The Engagement Control Station (ECS) serves as the operational control center for the Patriot Fire Unit (FU). It encompasses the Weapon Control Computer (WCC), man/machine interface, and various data and communication terminals. The ECS is designed to operate in both NBC and EMP environments, with air-conditioning and appropriate protection devices.

The ECS shelter is weather-resistant and provides shielding from RFI, featuring suitable air inlet and exhaust ports for the environmental control systems. The left side, as viewed from the doorway, comprises three UHF RRT and a voice communication station, while the right side encompasses the very high frequency (VHF) DLT, radar weapon control interface unit (RWCIU), WCC, AN/VRC-92A SINCGARS radio, optical disc drives (ODD), and an embedded data recorder.
IFC Information and Coordination Central Patriot air defense missile system United States 925 001
Patriot Engagement Control Station (ECS)
During air defense (AD) operations, the ICC (Information and Coordination Central) serves as the command, control, and communication (C3) center for the Patriot Battalion. It is comprised of a lightweight, weather-resistant shelter mounted on a 5-ton cargo truck. The shelter provides protection against radio frequency interference (RFI) and electromagnetic pulse (EMP) radiation. It is equipped with two air conditioners mounted externally that provide heating, cooling, and ventilation to the interior.

Additionally, an externally mounted gas particulate filter unit (GPFU) is used in situations involving nuclear, biological, or chemical (NBC) threats to provide clean air for the crew members. The ICC comprises two consoles that are manned by the Tactical Director (TD) and Tactical Director Assistant (TDA). An ICC status panel is positioned between the two consoles, displaying the status of all battalion fire units (FUs).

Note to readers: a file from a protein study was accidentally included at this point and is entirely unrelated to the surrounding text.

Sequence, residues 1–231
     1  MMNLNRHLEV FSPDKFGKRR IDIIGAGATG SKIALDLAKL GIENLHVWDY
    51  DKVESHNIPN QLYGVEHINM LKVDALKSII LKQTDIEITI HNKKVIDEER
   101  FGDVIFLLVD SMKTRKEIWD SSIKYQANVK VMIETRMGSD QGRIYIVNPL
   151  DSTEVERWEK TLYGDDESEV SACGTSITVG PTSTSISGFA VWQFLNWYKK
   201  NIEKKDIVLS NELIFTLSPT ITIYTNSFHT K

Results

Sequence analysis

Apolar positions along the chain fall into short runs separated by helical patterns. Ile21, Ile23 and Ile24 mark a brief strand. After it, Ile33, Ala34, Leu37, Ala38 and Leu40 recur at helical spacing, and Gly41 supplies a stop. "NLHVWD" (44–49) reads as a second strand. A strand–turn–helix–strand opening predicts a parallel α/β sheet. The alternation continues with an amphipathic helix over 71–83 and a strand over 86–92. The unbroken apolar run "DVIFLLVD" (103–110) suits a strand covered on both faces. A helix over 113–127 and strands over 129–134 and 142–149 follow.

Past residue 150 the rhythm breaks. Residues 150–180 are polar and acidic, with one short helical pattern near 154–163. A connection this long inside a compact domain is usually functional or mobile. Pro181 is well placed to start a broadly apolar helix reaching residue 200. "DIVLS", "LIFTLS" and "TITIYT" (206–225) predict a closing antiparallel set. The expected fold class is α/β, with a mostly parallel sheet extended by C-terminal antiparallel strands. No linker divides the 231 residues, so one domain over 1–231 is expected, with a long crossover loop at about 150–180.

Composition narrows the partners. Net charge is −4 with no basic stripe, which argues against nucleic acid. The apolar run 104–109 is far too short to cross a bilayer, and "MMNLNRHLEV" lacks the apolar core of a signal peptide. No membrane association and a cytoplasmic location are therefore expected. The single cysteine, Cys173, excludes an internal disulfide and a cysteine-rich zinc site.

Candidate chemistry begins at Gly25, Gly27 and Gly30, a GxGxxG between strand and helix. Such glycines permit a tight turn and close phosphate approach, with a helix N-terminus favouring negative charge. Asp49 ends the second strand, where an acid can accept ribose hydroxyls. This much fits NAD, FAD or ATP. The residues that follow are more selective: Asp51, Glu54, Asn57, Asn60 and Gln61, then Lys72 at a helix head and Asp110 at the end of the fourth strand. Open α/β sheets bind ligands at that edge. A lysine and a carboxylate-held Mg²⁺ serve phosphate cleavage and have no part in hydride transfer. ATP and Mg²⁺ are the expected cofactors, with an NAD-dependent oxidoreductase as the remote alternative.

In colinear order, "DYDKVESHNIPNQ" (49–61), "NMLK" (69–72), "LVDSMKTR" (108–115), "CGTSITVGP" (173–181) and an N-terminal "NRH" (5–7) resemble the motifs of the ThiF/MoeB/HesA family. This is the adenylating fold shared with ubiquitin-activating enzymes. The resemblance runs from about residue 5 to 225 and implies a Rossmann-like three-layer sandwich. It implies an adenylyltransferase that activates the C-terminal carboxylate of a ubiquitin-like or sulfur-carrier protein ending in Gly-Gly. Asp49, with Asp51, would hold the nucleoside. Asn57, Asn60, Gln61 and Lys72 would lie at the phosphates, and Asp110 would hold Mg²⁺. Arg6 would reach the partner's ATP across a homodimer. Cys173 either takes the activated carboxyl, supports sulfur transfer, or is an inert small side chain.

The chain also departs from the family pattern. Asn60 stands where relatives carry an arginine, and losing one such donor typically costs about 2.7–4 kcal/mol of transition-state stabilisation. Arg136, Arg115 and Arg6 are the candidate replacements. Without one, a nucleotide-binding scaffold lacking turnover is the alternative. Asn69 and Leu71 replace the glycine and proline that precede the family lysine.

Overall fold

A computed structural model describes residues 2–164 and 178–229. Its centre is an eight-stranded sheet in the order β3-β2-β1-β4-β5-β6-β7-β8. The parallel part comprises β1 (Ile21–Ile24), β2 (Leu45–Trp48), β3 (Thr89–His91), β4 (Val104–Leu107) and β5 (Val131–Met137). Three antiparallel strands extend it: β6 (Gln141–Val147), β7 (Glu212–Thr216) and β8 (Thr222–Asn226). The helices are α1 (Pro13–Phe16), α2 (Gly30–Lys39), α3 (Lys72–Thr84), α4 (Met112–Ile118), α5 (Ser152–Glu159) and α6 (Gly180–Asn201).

Electric Power Plant EPP III Patriot air defense missile system United States 925 001
Patriot Electric Power Plant (EPP III) is based on a 10-ton M977 HEMTT truck.
The primary power supply for both the ICC (Information and Coordination Central) and CRG (Communications Relay Group) is the EPU II, which is comprised of a 30 kW, 400 Hz generator mounted on a trailer that is towed by either the ICC or CRG. In order to provide sufficient power to both systems, two generators are designated for the ICC and two for the CRG.

The Electric Power Plant (EPP III) is the primary source of power for both the ECS and RS. Each EPP comprises two 150 kW diesel engines that are linked through a power distribution unit (PDU) and installed on a 10-ton M977 HEMTT. Each EPP features two interlinked 75-gallon fuel tanks and a fuel distribution assembly equipped with grounding equipment. A single diesel engine can run for over eight hours when fully fueled.

The CRG (Communications Relay Group) is responsible for providing a secure, bi-directional data relay system between the ICC, its assigned fire units, and neighboring units, utilizing multiple routes. Furthermore, the CRG offers both voice and data communication points for external elements that are not part of the Patriot system.